Washington: US President Donald Trump said that while Turkey has shared with US an audio purported to be of the death of Saudi journalist Jamal Khashoggi, he has no plans to listen to the recording.
“We have the tape. I don’t want to hear the tape. No reason for me to hear the tape,” the president told interviewer Chris Wallace on “Fox News Sunday.”
When Wallace asked him his reason, Trump replied: “Because it’s a suffering tape, it’s a terrible tape. I’ve been fully briefed on it, there’s no reason for me to hear it,” reports Efe.
Khashoggi, who was a columnist for The Washington Post, died on October 2 inside the Saudi Consulate in Istanbul, where he had gone to obtain documents enabling him to marry his Turkish fiance.
Weeks later, the Saudi government acknowledged that he was killed inside the consulate and last Thursday, the kingdom’s attorney general that he would seek the death penalty for five of the 11 suspects charged in connection with the journalist’s death.
In a press conference in Riyadh, Saud al-Mojeb insisted that Saudi Arabia’s de facto ruler, Crown Prince Mohamed bin Sultan, had not had any prior knowledge of the operation, whose original aim was to bring Khashoggi back to Riyadh.
Long a member of the Saudi establishment, Khashoggi became estranged from the government as a result of his criticism of the crown prince and had been living in self-imposed exile in the US since 2017.
Al-Mojeb said the investigation had shown that Khashoggi died after being restrained and injected with a tranquiliser following a fight inside the consulate.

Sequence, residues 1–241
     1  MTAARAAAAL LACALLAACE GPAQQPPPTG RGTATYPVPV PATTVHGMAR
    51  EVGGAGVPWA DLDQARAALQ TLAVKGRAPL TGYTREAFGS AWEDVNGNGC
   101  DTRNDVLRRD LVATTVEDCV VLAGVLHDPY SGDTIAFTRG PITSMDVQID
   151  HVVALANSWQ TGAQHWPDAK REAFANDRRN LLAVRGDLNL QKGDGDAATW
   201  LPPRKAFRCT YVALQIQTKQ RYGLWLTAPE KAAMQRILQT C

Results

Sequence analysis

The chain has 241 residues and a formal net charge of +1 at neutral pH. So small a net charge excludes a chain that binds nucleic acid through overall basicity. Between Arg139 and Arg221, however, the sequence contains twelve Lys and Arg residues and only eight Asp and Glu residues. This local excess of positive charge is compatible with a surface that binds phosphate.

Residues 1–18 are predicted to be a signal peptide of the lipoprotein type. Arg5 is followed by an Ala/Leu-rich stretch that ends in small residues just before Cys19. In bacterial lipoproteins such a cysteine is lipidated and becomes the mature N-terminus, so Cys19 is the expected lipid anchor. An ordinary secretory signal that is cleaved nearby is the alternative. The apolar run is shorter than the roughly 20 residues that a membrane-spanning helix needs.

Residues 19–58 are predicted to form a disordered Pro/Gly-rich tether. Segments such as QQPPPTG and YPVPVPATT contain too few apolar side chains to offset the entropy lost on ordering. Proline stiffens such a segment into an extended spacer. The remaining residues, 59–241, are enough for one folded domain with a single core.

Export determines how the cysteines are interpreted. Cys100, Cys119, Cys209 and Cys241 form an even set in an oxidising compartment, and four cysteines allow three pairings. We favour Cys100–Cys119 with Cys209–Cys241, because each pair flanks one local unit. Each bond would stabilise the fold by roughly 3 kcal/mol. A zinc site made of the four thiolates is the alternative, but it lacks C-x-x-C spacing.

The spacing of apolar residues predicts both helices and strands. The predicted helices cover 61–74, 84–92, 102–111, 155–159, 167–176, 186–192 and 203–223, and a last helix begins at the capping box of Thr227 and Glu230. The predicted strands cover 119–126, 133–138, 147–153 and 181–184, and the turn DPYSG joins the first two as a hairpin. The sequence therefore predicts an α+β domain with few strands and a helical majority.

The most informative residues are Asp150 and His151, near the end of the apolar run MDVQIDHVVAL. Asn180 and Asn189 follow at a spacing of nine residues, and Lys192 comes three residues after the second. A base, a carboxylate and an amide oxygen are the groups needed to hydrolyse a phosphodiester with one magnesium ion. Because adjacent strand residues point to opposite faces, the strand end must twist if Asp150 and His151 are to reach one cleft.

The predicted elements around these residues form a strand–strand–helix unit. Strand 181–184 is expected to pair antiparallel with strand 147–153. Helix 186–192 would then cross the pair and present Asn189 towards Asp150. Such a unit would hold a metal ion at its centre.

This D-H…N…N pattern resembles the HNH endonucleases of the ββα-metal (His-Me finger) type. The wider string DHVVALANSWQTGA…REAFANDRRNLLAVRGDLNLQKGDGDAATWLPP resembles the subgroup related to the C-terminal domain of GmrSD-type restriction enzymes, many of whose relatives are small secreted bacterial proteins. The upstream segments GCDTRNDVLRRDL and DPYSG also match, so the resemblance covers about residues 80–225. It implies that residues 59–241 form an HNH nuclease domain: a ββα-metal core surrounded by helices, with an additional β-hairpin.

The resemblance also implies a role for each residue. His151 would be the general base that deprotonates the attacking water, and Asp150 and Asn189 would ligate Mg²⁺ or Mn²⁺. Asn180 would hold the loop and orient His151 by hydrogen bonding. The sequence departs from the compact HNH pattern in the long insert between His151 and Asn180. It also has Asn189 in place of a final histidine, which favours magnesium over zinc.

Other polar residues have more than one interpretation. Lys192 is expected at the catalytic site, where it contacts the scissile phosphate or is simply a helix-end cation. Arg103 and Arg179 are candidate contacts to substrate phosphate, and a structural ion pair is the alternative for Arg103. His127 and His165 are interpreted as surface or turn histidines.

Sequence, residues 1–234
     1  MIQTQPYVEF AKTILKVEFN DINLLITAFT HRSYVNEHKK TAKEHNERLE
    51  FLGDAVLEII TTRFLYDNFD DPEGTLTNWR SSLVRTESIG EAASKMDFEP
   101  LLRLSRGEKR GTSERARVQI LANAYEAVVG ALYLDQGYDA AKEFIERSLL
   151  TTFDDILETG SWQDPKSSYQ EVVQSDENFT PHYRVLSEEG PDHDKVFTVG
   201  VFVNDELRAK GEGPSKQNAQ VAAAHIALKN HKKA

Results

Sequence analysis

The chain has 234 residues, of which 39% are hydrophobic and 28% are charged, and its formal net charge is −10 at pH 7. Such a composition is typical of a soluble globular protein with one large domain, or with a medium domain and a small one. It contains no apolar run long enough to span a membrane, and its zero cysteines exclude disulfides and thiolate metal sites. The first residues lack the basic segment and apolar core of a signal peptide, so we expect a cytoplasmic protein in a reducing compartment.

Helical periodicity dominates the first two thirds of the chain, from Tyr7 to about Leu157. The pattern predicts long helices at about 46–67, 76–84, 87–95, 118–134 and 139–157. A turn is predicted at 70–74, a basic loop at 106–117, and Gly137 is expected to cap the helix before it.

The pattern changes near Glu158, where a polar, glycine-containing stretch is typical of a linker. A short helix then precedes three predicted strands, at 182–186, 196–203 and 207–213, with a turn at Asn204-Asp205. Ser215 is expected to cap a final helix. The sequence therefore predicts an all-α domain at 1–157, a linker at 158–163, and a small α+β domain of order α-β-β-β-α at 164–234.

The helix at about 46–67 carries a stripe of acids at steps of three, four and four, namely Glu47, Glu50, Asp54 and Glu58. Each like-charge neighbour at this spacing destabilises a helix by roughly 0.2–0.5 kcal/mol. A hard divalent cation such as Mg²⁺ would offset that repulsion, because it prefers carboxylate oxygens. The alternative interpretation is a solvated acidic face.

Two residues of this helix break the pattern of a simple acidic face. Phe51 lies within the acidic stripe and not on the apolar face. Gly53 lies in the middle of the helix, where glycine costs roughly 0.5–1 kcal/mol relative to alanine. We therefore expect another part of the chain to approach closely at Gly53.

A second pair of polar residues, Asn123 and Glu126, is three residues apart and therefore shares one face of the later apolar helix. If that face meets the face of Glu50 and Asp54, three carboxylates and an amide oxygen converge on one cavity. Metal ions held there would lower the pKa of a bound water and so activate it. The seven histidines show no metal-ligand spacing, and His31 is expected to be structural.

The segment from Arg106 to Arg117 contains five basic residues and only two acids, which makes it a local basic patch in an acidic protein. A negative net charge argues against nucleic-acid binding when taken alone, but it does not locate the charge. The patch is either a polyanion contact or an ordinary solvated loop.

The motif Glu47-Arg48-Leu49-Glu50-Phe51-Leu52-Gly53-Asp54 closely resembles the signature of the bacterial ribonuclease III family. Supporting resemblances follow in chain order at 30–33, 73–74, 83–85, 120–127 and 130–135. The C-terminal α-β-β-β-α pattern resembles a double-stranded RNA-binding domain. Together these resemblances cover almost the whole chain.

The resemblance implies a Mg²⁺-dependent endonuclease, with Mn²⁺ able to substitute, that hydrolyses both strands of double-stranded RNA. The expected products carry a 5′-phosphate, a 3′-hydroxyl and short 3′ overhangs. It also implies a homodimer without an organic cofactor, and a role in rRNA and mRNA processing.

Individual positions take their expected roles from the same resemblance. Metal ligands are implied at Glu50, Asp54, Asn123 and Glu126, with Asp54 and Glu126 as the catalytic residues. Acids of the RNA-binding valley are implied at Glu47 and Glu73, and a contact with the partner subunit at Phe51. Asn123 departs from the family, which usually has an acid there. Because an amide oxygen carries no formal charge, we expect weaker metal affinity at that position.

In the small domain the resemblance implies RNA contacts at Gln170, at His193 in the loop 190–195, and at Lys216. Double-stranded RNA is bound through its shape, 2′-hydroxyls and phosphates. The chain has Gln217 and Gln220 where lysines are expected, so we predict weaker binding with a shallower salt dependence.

US media have reported that the CIA concluded Mohamed bin Salman — known as MbS — was ultimately behind Khashoggi’s death.
Trump, who described the media accounts as “very premature,” wondered aloud Sunday whether the truth of who ordered the operation may never be known.
“Well, will anybody really know? All right, will anybody really know? But he (MbS) did have certainly people that were reasonably close to him and close to him that were probably involved,” the president told Fox News.
He pointed to the measures the US government announced Thursday against 17 Saudi Arabian officials for their alleged role in the Khashoggi murder, including Saud al-Qahtani, a chief adviser to MbS.
“You saw we put on very heavy sanctions, massive sanctions on a large group of people from Saudi Arabia. But at the same time we do have an ally and I want to stick with an ally that in many ways has been very good,” Trump said.
The president reiterated that in personal conversations with the crown prince, MbS had repeatedly denied involvement in the killing.
“He told me that he had nothing to do with it. He told me that, I would say five times at different points, as recently as a few days ago,” Trump said.
23 killed as thunderstorms, dust storm lash Pakistan
Islamabad: Massive thunderstorms and a dust storm lashed Pakistan’s Punjab and Sindh provinces, killing at least 23 people, injuring scores of others, according to media reports
Heavy rain and storm caused by a westerly wave uprooted electricity poles and trees in different parts of the country and also damaged properties on Monday.